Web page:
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Surviving a Third-Party Audit: Q&A With Food Safety Specialist

Third-party audits are becoming a common way for brands to showcase safe food production and gain access to new markets; however, they require careful planning and preparation.

SFA's upcoming Regulatory Update webinar, "How to Survive a Third-Party Audit" will discuss essential training and tools needed to schedule and carry out an audit. It takes place tomorrow, May 4 at 1 p.m. EST and is hosted by two industry experts: Amanda Kinchla, associate extension professor at The University of Massachusetts's Department of Food Science, and Dave Seddon, co-founder of, a third-party auditing service. Register now.

SFA News Daily Spoke with Anne Fitzgerald, research specialist at the Northeast Center to Advance Food Safety at The University of Vermont, the organizer of the upcoming education session.

When should a specialty food business consider an audit?

Specialty food businesses should consider audits after they have a well-established food safety plan (with supporting records that demonstrate control) and written policies for all the respective quality programs (i.e., good manufacturing practices, facilities, cleaning & sanitation, training, etc.). An audit can only evaluate a snapshot of your overall food safety and quality system and so taking the time to establish written procedures, policies, and records is critical in demonstrating that your facility has its production under control. Additionally, one should also compare the requirements of the audit against all implemented programs to ensure compliance and completion of tasks, such as testing water inside the facility and other preventive measures.

What mistakes do you see specialty food businesses make when beginning the audit process?

One of the most common mistakes for those initiating an audit is grossly underestimating the amount of time to build, implement, and manage the food safety systems.  Food safety and quality programs are not “set it and forget it” systems–they require continuous monitoring and management.

Businesses that develop programs as part of preparations for an audit, without taking the time and effort to consistently implement and manage them, will have significant challenges in passing. Businesses that have leadership teams from the top down that practice and demonstrate a strong food safety culture and continuously aim to keep food safety top of mind have a significantly easier time passing an audit.

Does the process tend to differ based on the third-party firm conducting the audit?

It is important to know what type of audit you are going for and what is used to assess the audit. In the webinar, we will briefly discuss the different types of audit schemas. The general format doesn’t change though through assessment, planning, implementation, and evaluation, but the rubric that each audit uses can provide more insight.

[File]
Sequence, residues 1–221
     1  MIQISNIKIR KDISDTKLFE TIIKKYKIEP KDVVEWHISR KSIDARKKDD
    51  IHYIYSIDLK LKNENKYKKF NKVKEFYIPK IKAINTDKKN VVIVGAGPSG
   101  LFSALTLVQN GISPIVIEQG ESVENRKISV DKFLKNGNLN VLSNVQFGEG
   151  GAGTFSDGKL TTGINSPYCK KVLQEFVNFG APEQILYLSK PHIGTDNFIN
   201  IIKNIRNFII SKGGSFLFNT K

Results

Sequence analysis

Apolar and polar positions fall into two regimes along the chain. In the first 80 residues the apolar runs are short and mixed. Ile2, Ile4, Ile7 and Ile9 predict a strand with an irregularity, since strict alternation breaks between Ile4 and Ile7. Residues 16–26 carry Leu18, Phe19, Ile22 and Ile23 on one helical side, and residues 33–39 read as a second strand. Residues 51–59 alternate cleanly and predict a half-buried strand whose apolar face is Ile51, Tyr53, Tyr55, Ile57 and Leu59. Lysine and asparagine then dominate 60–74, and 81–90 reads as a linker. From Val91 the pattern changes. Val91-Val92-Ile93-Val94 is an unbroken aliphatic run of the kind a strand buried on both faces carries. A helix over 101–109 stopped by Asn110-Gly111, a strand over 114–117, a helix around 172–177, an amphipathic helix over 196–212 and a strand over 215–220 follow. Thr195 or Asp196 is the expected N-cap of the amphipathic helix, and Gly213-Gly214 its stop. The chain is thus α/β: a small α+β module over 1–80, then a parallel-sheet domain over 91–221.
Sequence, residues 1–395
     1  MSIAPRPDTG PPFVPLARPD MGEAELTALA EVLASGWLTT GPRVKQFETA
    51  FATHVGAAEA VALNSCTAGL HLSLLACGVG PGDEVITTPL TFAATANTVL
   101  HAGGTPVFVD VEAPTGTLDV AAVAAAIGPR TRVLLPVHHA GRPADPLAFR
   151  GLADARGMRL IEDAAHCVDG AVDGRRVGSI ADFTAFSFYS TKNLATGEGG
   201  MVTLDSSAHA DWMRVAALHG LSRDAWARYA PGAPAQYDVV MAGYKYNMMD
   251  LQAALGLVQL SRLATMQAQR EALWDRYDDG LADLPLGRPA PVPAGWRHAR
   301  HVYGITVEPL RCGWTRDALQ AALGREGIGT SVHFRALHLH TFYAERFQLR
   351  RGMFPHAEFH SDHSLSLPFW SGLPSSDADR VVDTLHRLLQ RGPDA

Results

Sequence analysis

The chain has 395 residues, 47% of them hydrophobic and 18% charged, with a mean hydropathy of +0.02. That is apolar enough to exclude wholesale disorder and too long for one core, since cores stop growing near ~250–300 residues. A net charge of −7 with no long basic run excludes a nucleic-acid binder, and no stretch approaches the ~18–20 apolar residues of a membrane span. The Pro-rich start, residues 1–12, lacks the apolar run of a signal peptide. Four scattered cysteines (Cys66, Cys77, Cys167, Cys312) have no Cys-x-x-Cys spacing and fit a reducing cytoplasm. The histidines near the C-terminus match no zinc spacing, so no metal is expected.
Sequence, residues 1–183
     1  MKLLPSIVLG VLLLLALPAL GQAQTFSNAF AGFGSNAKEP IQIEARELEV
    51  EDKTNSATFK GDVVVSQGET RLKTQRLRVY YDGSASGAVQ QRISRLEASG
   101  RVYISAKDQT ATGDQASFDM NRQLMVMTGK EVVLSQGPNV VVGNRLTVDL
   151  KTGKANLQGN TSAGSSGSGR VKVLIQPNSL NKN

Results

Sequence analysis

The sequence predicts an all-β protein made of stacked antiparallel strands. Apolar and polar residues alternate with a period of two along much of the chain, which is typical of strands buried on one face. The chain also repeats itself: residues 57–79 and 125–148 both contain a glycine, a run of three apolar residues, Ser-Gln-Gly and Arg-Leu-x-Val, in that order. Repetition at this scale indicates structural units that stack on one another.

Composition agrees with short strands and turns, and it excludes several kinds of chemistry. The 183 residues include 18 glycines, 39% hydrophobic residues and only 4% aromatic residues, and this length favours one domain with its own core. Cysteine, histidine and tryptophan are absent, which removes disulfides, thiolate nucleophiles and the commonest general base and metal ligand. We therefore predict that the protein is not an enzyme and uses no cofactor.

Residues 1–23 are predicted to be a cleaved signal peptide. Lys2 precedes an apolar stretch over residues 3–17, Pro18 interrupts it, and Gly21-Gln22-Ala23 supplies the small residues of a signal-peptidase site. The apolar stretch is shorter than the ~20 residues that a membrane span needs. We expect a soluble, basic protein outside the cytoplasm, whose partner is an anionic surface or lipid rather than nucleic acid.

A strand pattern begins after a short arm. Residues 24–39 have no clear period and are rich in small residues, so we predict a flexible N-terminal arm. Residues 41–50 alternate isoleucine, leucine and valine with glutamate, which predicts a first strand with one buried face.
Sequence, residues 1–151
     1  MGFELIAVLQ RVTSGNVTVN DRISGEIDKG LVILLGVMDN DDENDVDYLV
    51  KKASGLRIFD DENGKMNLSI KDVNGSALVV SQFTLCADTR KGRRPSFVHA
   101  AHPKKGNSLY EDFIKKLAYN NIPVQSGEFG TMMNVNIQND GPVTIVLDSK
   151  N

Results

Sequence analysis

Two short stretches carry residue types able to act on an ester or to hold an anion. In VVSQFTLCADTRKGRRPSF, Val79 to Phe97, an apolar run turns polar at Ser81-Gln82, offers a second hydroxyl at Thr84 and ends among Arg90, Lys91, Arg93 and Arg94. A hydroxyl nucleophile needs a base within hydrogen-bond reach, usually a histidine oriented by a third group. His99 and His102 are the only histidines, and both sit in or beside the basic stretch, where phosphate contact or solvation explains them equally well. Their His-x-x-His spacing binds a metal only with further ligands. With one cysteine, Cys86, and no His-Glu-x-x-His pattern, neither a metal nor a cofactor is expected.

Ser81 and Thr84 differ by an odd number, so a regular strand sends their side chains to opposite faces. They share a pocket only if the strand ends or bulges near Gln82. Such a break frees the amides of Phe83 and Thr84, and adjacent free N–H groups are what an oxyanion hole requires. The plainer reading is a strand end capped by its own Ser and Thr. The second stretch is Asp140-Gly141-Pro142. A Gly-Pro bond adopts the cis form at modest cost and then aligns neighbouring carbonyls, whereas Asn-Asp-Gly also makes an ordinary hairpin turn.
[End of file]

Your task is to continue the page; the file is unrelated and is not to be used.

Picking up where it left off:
What specialty food businesses tend to require a third-party audit?

In the field, we see more and more businesses that are asking for audits to maintain vendor status and meet buyer requirements. For example, in New England, Whole Foods has been making this request for specialty food products that have not historically needed audits to sell in their stores. This has expanded to many other companies whose requirements have shifted to a higher level, GFSI types of audits. Historically, high-risk foods, especially those on the FDA’s Traceability List, were targets for third-party audits, but increasingly the market has continued to expand the requirement for all food categories.

What are the most important considerations when working with a third party to carry out an audit?

A few key considerations:

Your whole team needs to be aware and involved in the process. Auditors may ask your line operators about the types of training they have had; what food safety controls they are responsible for or where to find standard operating procedures. Be sure that you are realistic about how long it will take to prepare the procedures, processes, and records.

Before you consider initiating the third-party audit process, make sure that you have developed and implemented your GMPs and food safety plan and have records supporting each.  And if you are subject to Preventive Controls, ensure the preventative controls qualified individual is present and has performed function according to FDA requirements.

What do you hope specialty food businesses get out of the session?

We hope that businesses will have a stronger awareness of the different types of audit schemas available within the marketplace and that they evaluate the status of their respective food safety plans to determine what improvements may be needed to initiate an audit.  We want businesses to understand the value of a strong foundation in HACCP and Preventive Controls and of utilizing the resources provided in the NECAFS Processors Food Safety Toolkit.

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